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p-Block Elements (Halogens and Noble Gases)

Introduction :
Group 13 to 18 of the periodic table of elements constitute the pblock. The pblock contains metals,
metalloids as well as nonmetals.
The pblock elements have general valence shell electronic configuration ns2 np16.
The first member of each group from 1317 of the pblock elements differ in many respects from the other
members of their respective groups because of small size, high electronegativity and absence of dorbitals.
The first member of a group also has greater ability to form pp multiple bonds to itself (e.g. C=C, CC, NN)
and to element of second row (e.g C=O, C=N, CN, N=O) compared to the other members of the same group.
The highest oxidation of pblock element is equal to the group number 10. Moving down the group, the
oxidation state two less than the highest group oxidation state becomes more stable in groups 13 to 16 due
to inert pair effect (reluctance of s-subshell electrons to participate in chemical bonding)


Fluorine, chlorine, bromine, iodine and astatine are members of Group 17. These are collectively known as
the halogens (Greek halo means salt and genes born i.e., salt producers). The halogens are highly reactive
non-metallic elements.
Electronic Configuration

All these elements have seven electrons in their outermost shell (ns2 np5) which is one electron
short of the next noble gas.
Atomic and Ionic Radii
The halogens have the smallest atomic radii in their respective periods due to maximum effective nuclear
charge . Atomic and ionic radii increase from fluorine to iodine due to increasing number of quantum shells.
Ionisation Enthalpy
They have little tendency to lose electron. Thus they have very high ionisation enthalpy. Due to increase in
atomic size, ionisation enthalpy decreases down the group.
Electron Gain Enthalpy
Halogen have maximum negative electron gain enthalpy in the corresponding period. This is due to the fact
that the atoms of these elements have only one electron less than stable noble gas configurations. Electron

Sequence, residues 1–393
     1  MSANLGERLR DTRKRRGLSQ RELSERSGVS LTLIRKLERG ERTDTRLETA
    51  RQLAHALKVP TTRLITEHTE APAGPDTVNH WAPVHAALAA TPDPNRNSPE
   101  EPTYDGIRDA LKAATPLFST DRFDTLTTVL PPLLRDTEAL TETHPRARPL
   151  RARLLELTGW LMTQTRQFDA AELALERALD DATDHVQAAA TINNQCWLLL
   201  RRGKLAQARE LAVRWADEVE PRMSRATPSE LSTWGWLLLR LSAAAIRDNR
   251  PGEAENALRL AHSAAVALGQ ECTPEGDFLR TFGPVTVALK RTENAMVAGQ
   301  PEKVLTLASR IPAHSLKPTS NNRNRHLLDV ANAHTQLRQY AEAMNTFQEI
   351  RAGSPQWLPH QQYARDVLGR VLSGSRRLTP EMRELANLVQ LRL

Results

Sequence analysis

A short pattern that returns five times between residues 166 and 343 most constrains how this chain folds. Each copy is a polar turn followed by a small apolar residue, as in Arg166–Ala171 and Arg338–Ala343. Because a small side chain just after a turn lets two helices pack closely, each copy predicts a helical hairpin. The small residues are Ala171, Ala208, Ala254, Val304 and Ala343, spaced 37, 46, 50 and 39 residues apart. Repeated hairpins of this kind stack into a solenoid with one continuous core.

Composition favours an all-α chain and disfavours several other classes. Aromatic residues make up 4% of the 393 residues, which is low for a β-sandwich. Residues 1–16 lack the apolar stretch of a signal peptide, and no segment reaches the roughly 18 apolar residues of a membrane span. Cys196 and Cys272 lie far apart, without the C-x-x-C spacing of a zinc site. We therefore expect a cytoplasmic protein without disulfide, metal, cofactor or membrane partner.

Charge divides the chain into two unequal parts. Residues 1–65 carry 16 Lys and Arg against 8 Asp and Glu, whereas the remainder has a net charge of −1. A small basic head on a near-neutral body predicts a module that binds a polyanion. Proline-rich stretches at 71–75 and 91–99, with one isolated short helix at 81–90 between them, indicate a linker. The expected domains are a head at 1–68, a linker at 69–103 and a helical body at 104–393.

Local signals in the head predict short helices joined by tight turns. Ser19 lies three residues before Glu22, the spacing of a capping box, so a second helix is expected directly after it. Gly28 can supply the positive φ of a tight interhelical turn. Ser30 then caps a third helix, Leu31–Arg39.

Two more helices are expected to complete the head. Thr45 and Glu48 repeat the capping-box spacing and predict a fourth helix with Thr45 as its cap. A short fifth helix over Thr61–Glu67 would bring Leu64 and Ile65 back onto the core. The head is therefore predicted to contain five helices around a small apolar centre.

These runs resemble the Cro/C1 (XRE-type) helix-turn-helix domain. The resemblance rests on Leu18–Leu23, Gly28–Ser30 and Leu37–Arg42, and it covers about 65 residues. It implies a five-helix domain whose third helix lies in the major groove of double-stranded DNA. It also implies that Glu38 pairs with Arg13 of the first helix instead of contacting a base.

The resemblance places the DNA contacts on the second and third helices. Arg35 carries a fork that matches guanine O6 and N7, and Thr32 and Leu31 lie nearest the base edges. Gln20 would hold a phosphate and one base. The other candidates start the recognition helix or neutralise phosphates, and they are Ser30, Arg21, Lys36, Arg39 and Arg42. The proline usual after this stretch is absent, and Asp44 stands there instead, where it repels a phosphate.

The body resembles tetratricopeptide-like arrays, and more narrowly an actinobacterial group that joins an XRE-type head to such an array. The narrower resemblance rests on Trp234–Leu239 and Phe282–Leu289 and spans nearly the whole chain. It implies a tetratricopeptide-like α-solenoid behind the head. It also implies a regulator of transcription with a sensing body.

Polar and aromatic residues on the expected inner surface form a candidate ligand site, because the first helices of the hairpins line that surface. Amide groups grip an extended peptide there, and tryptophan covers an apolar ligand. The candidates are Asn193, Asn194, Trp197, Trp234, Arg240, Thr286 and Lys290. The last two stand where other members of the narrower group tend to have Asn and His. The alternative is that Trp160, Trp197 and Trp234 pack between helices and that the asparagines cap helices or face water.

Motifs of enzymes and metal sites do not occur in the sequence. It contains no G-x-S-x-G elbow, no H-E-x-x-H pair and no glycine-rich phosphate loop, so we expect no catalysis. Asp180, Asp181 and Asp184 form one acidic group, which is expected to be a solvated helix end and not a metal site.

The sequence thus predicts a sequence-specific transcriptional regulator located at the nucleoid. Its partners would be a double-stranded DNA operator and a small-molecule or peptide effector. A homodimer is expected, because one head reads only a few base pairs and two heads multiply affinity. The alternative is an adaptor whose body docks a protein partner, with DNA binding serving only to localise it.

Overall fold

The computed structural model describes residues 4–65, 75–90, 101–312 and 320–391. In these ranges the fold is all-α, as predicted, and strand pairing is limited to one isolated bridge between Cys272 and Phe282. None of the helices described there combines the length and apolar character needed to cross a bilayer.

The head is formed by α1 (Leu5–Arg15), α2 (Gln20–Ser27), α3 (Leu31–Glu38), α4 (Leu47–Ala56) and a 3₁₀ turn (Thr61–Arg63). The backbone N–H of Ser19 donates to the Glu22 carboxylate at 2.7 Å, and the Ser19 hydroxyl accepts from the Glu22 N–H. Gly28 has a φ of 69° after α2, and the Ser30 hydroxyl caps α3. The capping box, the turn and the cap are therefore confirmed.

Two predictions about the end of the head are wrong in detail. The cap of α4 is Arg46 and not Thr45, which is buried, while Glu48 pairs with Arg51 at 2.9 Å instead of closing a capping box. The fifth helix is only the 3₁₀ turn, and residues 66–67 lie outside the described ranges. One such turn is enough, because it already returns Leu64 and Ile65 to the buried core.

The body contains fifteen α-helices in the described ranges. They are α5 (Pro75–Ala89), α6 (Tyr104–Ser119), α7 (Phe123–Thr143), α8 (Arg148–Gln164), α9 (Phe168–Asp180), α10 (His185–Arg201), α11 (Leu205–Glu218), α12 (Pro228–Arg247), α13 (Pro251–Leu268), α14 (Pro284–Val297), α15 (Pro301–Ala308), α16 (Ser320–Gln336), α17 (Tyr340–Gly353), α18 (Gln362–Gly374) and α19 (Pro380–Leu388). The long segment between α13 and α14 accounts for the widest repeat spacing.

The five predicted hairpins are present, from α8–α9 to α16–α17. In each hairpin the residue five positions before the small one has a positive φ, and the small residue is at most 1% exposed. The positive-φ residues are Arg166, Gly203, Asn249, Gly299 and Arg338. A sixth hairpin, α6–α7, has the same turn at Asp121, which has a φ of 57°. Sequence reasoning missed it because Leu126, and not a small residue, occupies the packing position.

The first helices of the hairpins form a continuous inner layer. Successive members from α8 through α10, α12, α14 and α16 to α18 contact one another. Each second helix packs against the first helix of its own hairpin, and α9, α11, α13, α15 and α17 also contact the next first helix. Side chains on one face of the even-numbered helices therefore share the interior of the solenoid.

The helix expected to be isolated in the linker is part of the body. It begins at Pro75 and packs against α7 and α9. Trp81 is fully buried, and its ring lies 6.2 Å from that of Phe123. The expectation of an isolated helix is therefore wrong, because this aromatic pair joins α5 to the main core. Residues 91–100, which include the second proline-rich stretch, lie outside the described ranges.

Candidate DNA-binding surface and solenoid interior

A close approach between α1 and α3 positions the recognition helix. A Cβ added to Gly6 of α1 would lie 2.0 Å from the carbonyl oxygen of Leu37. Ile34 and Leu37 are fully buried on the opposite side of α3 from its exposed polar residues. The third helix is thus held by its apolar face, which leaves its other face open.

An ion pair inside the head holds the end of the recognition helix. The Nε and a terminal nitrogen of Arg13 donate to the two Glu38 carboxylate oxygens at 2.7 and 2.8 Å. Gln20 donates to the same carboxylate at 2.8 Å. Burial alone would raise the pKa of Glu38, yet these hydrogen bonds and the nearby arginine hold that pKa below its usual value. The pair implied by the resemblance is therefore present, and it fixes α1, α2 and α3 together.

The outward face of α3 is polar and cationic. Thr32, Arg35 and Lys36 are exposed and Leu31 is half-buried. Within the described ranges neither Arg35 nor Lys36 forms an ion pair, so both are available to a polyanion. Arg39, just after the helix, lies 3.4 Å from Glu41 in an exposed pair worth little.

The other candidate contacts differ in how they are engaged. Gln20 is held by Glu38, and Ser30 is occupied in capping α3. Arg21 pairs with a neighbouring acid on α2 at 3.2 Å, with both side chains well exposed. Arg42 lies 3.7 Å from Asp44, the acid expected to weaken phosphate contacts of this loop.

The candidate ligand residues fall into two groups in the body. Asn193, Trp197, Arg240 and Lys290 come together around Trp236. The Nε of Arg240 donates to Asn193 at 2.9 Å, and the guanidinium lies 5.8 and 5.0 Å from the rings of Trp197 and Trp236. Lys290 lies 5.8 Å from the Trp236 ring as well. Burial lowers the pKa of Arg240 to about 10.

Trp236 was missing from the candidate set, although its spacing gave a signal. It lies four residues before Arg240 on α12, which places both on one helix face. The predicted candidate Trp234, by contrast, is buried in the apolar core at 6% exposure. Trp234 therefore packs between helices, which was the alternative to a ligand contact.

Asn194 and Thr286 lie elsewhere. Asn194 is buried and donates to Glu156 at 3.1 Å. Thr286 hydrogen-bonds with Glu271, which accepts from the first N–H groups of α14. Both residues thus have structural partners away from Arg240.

gain enthalpy of the elements of the group becomes less negative down the group. However, the negative
electron gain enthalpy of fluorine is less than that of chlorine. It is due to small size of fluorine atom. As a
result, there are strong interelectronic repulsions in the relatively small 2p orbitals of fluorine and thus, the
extra electron (incoming) does not experience much attraction.
They have very high electronegativity. The electronegativity decreases down the group. Fluorine is the most
electronegative element in the periodic table
Physical Properties
Fluorine and chlorine are gases, bromine is a liquid whereas iodine is a solid. Their melting and boiling
points steadily increase with atomic number. All halogens are coloured. This is due to absorption of radiations
in visible region which results in the excitation of outer electrons to higher energy level. By absorbing different
quanta of radiation, they display different colours. For example, F2, has yellow, Cl2, greenish yellow, Br2, red
and I2, violet colour. Fluorine and chlorine react with water. Bromine and iodine are only sparingly soluble in
water. But are soluble in organic solvents such as chloroform, carbon tetrachloride, carbon disulphide and
hydrocarbons to give coloured solutions. Except the smaller enthalpy of dissociation of F2 compared to that
of Cl2. The X-X bond disassociation enthalpies from chlorine onwards show the expected trend : Cl Cl > Br
Br > F F > I I. The reason for the smaller enthalpy of dissociation of F2 is the relatively larger electronselectrons repulsion among the lone pairs in F2 molecule where they are much closer to each other than in
case of Cl2.


Table : 1
Atomic and physical properties



Atomic Number




Atomic Mass


Electronic configuration

[He] 2s 2p

Covalent Radius / pm






[Kr] 4d 5s 5p



























Melting point / K